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First registered nurse elected to Congress, Eddie Bernice Johnson remembered as a trailblazer


Johnson, who died Sunday at the age of 88, was hailed for her work in healthcare and the House of Representatives.

Former U.S. Rep. Eddie Bernice Johnson leaves more than a legacy of smashed glass ceilings.

Image: Library of Congress

Former U.S. Rep. Eddie Bernice Johnson, the first registered nurse elected to Congress, died Sunday at the age of 88. (Image: Library of Congress)

Johnson, the first registered nurse ever elected to Congress, died Sunday at the age of 88. She claimed a number of firsts in her remarkable life. She was also the first Black woman to chair the House Committee on Science, Space, and Technology, as the Associated Press reports.

In that role, Johnson played a critical role in the passage of the CHIPS and Science Act, Vice President Kamala Harris said in tribute of Johnson. The measure invests billions in science and technology, and Johnson pushed for provisions to support Historically Black Colleges and Universities. Harris praised her as “a visionary, a pioneer, and a fighter.”

U.S. Rep. Jasmine Crockett, a Texas Democrat, said Johnson’s work on that legislation, signed by President Biden in 2022, will be part of her lasting legacy. Crockett said in a statement that she liked to call Johnson “a quiet storm.”

“While most people will only know about the historic number of jobs that are being created throughout the country as a result of this law, many won’t know that Chairwoman Johnson required this bill to also have investments for STEM and research at Historically Black Colleges and Universities,” Crockett said. “For decades to come, her work will live on.”

Johnson spent 30 years in Congress before leaving the House in January 2023. Jackson’s experience in nursing, and the discrimination she encountered, fueled much of her fight for equality and social justice.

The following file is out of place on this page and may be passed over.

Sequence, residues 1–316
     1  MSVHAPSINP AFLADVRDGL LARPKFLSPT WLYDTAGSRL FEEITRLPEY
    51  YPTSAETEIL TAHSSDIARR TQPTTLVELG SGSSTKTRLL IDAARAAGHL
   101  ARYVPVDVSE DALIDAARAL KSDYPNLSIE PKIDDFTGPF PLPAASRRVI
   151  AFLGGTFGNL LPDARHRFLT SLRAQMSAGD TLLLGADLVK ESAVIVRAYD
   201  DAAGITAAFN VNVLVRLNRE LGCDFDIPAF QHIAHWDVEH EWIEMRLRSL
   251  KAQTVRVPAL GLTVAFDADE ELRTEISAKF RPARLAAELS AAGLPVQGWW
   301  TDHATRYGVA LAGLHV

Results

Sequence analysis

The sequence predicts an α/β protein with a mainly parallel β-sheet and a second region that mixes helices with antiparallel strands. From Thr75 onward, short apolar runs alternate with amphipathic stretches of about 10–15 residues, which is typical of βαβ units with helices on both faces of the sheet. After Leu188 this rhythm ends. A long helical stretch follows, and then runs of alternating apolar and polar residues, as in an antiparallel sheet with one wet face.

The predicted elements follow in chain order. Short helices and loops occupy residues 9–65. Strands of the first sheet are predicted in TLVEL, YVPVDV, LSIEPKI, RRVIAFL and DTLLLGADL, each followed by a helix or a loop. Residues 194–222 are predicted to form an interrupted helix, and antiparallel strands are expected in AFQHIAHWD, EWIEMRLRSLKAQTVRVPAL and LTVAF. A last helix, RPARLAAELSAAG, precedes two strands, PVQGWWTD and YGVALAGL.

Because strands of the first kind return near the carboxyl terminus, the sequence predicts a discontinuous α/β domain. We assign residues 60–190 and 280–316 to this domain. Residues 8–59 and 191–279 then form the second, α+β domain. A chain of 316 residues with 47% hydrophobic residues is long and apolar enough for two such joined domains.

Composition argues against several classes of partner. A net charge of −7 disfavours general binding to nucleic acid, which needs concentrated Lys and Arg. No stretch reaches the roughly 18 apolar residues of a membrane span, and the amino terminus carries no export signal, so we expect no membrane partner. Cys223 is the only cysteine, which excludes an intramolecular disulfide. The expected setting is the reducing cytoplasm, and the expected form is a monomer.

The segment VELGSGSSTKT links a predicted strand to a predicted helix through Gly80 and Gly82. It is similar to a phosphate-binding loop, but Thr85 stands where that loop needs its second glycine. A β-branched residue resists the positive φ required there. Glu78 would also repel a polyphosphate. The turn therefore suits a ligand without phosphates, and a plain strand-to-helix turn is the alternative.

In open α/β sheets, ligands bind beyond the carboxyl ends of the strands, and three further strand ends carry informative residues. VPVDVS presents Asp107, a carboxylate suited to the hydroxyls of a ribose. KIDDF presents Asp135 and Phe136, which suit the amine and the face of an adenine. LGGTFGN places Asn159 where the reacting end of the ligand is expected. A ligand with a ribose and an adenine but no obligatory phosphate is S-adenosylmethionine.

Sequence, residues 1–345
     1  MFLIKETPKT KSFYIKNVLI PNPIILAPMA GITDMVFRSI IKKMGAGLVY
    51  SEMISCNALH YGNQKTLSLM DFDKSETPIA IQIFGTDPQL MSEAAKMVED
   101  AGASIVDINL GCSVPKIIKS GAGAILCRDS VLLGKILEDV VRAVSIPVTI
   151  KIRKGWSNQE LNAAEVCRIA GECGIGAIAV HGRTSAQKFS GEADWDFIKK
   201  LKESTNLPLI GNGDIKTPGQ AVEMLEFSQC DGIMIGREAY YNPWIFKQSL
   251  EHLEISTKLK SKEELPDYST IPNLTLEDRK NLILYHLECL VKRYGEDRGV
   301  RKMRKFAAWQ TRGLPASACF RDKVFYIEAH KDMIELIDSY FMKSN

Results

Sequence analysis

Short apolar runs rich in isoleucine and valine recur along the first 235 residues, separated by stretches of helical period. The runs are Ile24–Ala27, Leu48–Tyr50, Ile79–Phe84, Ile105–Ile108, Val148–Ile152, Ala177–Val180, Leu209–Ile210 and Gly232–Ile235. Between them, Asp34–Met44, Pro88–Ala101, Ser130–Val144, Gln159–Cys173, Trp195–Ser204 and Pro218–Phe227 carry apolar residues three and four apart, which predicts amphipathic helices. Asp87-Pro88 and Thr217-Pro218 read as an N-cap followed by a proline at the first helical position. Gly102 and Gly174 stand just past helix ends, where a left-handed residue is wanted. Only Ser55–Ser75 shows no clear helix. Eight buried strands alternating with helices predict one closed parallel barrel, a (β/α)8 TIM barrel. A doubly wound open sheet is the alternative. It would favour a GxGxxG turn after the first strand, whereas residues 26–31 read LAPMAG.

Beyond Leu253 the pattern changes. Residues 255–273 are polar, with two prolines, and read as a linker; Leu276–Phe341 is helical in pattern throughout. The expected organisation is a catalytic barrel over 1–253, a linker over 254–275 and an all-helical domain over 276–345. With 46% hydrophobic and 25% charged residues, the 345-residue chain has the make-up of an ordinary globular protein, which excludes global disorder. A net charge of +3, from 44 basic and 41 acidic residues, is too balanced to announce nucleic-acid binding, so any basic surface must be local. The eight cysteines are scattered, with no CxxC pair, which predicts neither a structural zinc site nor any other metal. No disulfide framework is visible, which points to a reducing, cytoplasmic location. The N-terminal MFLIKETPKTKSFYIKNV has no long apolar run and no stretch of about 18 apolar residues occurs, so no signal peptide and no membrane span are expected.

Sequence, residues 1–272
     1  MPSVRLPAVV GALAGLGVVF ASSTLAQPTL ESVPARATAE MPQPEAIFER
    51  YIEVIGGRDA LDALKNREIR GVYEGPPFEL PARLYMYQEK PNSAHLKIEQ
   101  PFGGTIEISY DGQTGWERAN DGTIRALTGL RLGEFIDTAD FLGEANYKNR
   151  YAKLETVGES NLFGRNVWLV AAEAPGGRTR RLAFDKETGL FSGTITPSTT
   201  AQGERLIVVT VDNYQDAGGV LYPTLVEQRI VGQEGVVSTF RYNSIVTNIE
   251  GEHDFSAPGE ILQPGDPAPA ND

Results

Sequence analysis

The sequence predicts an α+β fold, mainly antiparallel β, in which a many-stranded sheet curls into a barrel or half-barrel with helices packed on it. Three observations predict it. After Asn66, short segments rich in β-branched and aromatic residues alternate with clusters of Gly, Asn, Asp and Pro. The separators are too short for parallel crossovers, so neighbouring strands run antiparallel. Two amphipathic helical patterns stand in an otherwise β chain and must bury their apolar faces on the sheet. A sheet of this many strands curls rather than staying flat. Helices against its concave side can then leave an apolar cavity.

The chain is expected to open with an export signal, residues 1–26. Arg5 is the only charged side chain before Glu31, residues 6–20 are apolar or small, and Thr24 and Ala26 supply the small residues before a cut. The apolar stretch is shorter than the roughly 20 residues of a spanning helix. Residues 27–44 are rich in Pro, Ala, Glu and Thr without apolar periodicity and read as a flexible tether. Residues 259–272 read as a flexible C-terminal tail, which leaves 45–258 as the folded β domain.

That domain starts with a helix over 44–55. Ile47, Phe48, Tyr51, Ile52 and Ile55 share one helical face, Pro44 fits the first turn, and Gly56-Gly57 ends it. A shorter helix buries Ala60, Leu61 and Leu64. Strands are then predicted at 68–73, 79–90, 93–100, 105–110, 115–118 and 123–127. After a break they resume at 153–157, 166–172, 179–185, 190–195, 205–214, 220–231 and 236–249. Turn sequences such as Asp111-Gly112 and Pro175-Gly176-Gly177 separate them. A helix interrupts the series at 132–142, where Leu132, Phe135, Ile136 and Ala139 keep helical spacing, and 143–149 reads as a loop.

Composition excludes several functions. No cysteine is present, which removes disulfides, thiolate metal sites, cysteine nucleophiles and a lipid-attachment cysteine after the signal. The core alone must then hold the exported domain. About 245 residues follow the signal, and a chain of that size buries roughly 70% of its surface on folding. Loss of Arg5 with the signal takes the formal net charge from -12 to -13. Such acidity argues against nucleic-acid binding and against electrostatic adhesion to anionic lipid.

Due to segregation in Texas, Johnson entered a nursing program at St. Mary’s College at the University of Notre Dame in Indiana, where she received a nursing certificate in 1955, The Texas Tribune recounts.

She was hired as a nurse at a Dallas VA hospital, and staff were shocked to see she was Black when she arrived to start her job, the AP recounts. She said other workers would enter rooms ahead of her to assure patients that she was a qualified nurse, she told The Dallas Morning News in 2020. Johnson called it “the most blatant, overt racism that I ever experienced in my life,” she told the Morning News.

Eventually, she became the first Black female chief psychiatric nurse at the Dallas VA hospital, the Texas Tribune reported.

Johnson became the first Black woman elected to any office in Dallas, and the first Black resident of Dallas elected to Congress when she won a House seat in 1993.

Rep. Terri A. Sewell, a Democrat from Alabama, said in a post on X (formerly known as Twitter) that she was heartbroken over the loss of Johnson, whom she described as a mentor.

“She was a giant among giants,” Sewell said. “May her legacy continue to live on through her impactful work and the lives she touched.”

Congresswoman Nikema Williams said on X that Johnson “paved the way for so many of us in Congress.”

“Her legacy will truly live in perpetuity,” Williams said.

President Biden pointed to Johnson’s lifetime of service in healthcare and the halls of Congress. In a statement released by the White House, Biden saluted her work as a “dedicated nurse” in caring for veterans and said her leadership was “crucial” in passing the CHIPS and Science Act.

“Eddie Bernice turned a childhood dream to work in medicine into a lifetime of service, fighting to get millions of Americans access to healthcare, education, and opportunity,” Biden said.

The American Nurses Association paid tribute to Johnson on X, calling her “a trailblazer who shattered many glass ceilings throughout her groundbreaking career.”

“We are grateful for Johnson's contributions to nursing and our country,” the association said.

Three days of memorial services are slated to begin Monday, concluding with graveside services Wednesday, according to NBC 5 in Dallas.

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